Stephen Antonakos: Notes on Public Art
Stephen Antonakos was instrumental in the introduction of neon to the realm of fine art, engaging the noble gas, glass, color and line as a painter uses paint. His interest in columnar forms—especially lighthouses—was a natural counterpart. Tower was an early project in Houston in 1975; Pharos (Greek for lighthouse) was a major installation in Athens in 2011.
In 1993, Antonakos designed and fabricated a major tower installation for the Stadtsparkasse in Cologne, Germany, an indoor site with an enormous atrium. Visible from various angles at seven different levels, the neon forms facing outside were blue; those facing inside were of varied colors.
Although Antonakos created many light artworks for personal spaces and private enjoyment, a great number of his neon projects respected the lineage of the medium and its ability to broadcast to the public at large. In turn, he was keenly aware of the place of the artist in public visual arts discourses, as his Notes of Public Art makes clear,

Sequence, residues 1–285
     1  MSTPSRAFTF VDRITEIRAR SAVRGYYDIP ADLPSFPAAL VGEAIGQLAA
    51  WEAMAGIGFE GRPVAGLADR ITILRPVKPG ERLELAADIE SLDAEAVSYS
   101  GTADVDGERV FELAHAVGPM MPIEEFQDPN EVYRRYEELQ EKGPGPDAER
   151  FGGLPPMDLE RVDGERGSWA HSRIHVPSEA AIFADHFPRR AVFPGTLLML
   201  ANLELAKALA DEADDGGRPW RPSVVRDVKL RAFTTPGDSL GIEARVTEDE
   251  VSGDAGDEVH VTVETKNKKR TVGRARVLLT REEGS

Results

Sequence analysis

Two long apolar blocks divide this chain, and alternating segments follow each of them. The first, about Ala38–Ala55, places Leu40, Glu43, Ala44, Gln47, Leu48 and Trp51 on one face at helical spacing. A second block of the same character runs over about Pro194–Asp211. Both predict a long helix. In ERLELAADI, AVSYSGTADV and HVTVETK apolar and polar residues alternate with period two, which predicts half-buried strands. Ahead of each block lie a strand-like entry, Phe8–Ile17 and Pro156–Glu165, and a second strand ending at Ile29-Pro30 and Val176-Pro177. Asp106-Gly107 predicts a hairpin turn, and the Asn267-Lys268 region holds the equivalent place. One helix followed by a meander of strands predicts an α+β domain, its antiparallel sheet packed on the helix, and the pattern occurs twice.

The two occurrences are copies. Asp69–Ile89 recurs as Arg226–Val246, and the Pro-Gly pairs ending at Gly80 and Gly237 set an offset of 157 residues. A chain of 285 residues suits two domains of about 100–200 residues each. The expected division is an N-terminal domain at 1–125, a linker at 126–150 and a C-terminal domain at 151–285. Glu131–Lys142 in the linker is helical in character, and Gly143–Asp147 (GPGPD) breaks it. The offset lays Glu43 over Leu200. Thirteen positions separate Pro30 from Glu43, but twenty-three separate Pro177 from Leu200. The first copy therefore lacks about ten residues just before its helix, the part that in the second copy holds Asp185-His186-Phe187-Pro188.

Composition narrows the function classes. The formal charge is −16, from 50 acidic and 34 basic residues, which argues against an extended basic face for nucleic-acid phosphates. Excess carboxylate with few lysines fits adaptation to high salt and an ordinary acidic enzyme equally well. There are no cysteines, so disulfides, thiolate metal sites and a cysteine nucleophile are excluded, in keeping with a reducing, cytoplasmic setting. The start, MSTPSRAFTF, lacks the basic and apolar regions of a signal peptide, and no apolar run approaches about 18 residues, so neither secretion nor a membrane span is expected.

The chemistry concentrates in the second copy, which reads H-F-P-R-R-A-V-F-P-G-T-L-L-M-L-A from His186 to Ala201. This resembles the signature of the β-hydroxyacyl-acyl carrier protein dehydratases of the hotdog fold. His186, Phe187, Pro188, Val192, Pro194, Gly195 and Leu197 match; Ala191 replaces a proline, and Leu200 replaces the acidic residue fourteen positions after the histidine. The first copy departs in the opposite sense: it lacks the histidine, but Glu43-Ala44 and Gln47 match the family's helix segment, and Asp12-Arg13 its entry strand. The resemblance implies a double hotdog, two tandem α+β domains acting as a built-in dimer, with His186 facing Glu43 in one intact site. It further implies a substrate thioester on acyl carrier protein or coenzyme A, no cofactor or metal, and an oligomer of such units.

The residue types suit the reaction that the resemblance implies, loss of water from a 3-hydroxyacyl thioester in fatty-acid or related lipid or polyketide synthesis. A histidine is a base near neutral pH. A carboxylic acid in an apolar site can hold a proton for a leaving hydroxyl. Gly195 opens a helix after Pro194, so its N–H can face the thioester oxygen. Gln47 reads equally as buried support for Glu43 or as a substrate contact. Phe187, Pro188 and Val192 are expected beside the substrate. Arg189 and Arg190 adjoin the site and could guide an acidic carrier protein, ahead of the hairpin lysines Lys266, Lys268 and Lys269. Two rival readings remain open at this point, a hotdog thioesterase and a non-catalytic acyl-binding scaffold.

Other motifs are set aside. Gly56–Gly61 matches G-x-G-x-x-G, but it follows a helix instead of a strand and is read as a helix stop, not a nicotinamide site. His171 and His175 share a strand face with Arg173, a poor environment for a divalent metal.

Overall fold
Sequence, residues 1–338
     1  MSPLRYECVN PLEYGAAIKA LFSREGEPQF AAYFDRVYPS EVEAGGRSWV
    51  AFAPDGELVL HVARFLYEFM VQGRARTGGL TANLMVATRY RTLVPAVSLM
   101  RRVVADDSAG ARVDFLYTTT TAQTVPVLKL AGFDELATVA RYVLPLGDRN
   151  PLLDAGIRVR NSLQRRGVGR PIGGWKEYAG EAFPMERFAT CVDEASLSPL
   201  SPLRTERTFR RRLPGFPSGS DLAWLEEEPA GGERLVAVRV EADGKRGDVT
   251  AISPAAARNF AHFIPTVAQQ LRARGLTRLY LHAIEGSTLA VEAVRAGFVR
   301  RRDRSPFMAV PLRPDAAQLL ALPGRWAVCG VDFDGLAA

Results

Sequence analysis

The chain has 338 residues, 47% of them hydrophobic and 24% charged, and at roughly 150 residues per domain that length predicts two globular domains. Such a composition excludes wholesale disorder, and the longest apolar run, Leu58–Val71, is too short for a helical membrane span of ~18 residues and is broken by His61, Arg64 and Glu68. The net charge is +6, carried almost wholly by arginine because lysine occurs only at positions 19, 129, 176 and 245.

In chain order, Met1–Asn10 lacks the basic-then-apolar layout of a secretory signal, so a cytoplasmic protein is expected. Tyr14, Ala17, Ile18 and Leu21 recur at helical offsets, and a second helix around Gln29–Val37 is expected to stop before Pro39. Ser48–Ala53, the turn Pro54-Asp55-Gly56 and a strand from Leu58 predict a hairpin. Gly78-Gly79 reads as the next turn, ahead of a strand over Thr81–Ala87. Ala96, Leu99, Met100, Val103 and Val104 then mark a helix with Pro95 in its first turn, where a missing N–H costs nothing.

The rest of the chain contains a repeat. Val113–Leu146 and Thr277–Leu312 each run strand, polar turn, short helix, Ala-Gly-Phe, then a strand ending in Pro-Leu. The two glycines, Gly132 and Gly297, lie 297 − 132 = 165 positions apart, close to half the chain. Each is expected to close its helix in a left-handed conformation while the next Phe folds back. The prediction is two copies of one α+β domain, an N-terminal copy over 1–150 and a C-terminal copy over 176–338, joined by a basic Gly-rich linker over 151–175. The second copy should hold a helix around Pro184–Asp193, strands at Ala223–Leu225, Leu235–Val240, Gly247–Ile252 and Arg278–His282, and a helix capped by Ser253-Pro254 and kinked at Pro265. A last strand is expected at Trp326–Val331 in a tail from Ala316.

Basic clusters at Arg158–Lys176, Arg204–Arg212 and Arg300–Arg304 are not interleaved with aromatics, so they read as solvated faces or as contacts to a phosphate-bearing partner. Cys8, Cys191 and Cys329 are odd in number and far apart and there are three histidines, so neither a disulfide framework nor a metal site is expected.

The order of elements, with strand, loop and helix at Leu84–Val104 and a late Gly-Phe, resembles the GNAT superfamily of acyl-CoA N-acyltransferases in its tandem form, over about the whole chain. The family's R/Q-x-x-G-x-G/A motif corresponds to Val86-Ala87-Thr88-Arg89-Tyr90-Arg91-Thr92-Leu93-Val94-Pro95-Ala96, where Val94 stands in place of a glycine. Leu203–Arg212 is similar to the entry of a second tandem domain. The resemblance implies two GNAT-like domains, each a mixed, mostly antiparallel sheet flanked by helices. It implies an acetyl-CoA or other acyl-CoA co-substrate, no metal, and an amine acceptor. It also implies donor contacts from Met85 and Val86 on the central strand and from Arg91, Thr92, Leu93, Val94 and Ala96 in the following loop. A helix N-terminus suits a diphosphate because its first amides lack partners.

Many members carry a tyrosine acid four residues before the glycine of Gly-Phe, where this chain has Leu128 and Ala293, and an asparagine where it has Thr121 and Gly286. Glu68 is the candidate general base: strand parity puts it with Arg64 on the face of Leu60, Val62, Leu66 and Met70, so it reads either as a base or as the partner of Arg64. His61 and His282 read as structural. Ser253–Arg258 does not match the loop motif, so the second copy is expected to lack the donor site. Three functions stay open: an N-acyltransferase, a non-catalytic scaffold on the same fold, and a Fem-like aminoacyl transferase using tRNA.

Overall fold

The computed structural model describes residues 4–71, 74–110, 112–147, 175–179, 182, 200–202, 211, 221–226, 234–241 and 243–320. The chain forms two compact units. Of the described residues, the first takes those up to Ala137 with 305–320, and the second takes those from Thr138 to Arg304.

"For me neon is not aggressive, but it has certain powers. It can be seen from great distances, and it can be used not just linearly but spatially. The color can be strong or soft. It all depends on what you want to do. I simply thought that so much more could be done with it abstractly than with words and images. I had a feeling it could connect with people in real, immediate, kinetic and spatial ways.
Placement is crucial, the placement of forms within a work and the placement of the work within its architectural site. The open geometry pulls the architecture into the art by echoing its forms. It pulls the space in and makes it part of the art.
Visual experience is inner experience. What I hope to do is open an access to a kind of experience—more intense, heightened, perhaps more conscious, open.
Scale is really almost a medium. It is what you have to work with.
The sky is the ultimate sculptural challenge. It has the greatest possible scale—and it changes completely over the hours of the daily cycle.
Every work of public art is a responsibility that implies a great trust between the artist and the community."